Cyber-physical systems (CPSs) [13] represent a novel research field with high prospects for providing synergy between the digital and physical worlds. These systems consist of interconnected components, which collaboratively execute tasks in order to bridge the gap between the digital and physical worlds [4]. With the growing complexity of tasks due to the combination of CPSs and Internet of Things (IoT) [5, 6] however, CPSs have become distributed, and it is necessary developing interoperable CPSs capable of enabling timely delivery of services. In this way, CPSs become real-time distributed with multiscale dynamics and networking for efficient, dependable, safe, and secure management of monitoring and control of objects in the physical domain [7].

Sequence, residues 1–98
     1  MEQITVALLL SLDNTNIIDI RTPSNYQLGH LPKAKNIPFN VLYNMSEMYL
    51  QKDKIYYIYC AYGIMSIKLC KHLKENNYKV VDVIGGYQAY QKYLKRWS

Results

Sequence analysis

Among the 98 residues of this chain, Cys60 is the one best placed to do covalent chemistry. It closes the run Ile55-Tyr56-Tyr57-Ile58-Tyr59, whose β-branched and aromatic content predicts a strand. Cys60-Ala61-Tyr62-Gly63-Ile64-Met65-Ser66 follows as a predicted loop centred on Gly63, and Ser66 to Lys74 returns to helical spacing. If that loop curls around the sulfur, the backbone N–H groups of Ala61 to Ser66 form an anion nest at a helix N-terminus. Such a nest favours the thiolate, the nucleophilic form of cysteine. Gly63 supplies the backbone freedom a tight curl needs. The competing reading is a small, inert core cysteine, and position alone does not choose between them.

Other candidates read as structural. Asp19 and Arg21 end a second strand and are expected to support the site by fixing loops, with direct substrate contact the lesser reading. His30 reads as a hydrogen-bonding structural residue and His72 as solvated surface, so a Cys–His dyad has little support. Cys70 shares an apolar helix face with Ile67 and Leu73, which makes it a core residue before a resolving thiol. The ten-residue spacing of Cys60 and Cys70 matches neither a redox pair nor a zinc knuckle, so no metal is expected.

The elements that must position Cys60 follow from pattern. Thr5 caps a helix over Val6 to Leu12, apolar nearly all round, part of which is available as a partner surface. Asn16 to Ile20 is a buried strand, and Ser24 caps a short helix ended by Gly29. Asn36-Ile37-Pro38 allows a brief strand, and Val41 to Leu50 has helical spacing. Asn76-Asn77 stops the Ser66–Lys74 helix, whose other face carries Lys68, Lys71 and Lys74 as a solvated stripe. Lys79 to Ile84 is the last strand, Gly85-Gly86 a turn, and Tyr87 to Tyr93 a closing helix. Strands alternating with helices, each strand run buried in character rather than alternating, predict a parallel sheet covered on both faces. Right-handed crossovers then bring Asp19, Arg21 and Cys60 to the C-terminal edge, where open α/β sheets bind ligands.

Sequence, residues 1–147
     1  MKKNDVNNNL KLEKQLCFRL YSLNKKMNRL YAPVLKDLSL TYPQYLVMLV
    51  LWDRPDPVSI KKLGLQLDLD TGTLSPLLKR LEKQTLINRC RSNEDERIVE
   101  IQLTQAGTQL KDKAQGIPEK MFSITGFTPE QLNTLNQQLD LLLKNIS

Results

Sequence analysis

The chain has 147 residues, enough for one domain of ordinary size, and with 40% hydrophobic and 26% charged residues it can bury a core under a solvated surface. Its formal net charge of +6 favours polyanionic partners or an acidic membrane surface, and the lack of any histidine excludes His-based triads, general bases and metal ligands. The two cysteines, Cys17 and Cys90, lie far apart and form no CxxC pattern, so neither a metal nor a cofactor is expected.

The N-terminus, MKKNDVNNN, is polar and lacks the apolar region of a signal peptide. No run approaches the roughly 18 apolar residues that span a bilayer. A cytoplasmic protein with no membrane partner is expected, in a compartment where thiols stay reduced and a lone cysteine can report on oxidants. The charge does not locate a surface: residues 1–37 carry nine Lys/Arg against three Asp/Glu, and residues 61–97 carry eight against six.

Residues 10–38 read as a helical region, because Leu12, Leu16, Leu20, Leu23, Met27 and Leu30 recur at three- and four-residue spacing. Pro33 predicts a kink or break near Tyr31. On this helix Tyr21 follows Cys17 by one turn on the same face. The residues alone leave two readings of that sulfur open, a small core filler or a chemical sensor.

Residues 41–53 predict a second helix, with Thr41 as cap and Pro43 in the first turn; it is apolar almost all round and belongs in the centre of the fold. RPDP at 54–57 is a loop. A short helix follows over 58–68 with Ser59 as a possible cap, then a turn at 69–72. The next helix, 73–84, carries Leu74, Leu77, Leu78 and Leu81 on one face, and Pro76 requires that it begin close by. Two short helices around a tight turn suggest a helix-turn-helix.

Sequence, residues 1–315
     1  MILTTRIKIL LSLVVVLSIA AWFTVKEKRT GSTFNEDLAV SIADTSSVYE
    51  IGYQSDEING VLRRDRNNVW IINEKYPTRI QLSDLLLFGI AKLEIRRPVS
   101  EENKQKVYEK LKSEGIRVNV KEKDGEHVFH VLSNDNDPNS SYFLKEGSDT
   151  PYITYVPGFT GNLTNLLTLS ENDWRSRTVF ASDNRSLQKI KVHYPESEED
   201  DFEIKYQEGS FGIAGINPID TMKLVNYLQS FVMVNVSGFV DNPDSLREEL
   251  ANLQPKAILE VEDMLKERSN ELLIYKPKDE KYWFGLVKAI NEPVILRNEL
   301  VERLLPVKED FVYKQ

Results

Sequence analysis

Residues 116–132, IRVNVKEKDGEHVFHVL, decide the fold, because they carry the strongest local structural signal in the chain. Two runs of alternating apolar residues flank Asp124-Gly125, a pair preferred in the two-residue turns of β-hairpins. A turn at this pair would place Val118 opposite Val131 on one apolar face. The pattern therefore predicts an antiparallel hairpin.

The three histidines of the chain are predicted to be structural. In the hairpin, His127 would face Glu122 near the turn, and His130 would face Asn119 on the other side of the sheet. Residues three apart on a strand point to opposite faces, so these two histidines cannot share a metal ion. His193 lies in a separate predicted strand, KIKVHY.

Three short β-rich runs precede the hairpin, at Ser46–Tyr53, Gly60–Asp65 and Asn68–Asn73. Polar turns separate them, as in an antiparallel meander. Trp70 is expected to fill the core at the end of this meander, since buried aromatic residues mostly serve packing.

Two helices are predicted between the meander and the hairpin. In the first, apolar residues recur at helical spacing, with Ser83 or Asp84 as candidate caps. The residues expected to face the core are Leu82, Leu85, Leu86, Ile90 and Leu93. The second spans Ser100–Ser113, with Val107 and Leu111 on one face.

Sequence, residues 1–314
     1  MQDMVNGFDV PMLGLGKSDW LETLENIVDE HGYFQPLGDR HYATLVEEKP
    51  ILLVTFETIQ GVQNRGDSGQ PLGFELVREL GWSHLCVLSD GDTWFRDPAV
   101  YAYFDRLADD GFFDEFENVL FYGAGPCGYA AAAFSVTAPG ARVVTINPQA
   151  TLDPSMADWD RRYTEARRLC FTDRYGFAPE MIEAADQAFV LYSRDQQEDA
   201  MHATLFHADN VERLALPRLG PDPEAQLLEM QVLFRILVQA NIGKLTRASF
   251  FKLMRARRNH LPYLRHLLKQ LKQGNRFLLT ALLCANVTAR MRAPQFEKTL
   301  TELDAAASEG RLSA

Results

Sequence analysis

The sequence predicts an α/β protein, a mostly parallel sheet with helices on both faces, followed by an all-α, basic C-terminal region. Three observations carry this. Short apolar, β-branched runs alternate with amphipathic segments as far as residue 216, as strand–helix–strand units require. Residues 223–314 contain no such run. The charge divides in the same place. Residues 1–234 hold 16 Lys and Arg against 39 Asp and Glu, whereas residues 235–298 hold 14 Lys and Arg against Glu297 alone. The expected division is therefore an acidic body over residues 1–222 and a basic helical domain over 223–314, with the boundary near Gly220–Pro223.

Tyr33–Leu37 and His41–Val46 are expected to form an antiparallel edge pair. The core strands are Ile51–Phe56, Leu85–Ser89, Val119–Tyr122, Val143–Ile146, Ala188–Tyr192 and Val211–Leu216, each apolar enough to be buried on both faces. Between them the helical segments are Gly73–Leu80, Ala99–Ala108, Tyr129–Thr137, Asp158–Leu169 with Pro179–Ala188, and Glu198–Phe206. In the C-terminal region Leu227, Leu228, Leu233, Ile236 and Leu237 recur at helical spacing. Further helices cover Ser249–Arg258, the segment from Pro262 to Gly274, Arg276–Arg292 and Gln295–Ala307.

Following the integration of CPSs and IoT, innovative concepts and approaches, such as service-oriented architecture (SOA) [8, 9], collaborative systems [10], and cloud computing [11], have become apparent in the development of CPSs. As devices in CPSs are required to interoperate at both cyber and physical scales, service-oriented CPSs [12, 13] so far look promising. By coupling the need for CPSs to interact with real world objects in real-time with optimal resource consumption however, using only the service-oriented approach is not enough to realise comprehensive distributed real-time CPSs that take into account the strong interdependencies between the cyber and physical components. Therefore, context-aware agent-based approach is more appealing since diverse attributes can be encapsulated within agents, and distributed pervasive computing with better coordination and interoperability among autonomous and heterogeneous agents is achievable. Essentially, context-awareness is indispensable in CPSs since sensing, resource discovery, adaptation, and augmentation are the key drivers of this novel technology [14, 15]. Additionally, with the changing dynamics of distributed CPSs domains, it is natural that partial observability is inherent in CPSs [16, 17]. Using ontology as underlying semantic technology therefore requires uncertainty modelling techniques towards good model performance.